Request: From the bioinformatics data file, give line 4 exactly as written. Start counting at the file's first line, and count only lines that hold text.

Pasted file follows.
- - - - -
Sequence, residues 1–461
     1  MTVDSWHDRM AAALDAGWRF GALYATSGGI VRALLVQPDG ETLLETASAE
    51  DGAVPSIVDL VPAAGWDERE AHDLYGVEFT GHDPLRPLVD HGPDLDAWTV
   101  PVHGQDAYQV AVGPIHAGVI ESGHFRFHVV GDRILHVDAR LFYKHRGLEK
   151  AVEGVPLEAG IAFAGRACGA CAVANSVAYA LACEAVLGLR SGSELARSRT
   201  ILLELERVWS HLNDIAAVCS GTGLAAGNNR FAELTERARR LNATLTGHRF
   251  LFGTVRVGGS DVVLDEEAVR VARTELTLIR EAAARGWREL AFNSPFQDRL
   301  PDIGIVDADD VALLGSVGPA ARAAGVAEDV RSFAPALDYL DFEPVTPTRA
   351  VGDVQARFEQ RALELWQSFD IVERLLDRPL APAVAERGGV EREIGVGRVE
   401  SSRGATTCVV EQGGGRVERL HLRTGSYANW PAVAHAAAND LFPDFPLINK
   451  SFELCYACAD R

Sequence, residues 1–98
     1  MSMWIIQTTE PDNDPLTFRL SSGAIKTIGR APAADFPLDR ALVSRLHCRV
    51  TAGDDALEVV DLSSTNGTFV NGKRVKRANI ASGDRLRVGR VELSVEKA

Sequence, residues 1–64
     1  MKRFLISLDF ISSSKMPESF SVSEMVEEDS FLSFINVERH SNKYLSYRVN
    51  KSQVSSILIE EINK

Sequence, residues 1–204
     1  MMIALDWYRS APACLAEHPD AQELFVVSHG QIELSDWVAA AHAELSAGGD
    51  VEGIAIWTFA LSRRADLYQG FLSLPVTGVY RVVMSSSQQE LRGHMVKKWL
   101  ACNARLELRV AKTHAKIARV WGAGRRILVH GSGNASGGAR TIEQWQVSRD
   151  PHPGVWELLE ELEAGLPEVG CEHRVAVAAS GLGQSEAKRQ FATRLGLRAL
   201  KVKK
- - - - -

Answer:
   101  PVHGQDAYQV AVGPIHAGVI ESGHFRFHVV GDRILHVDAR LFYKHRGLEK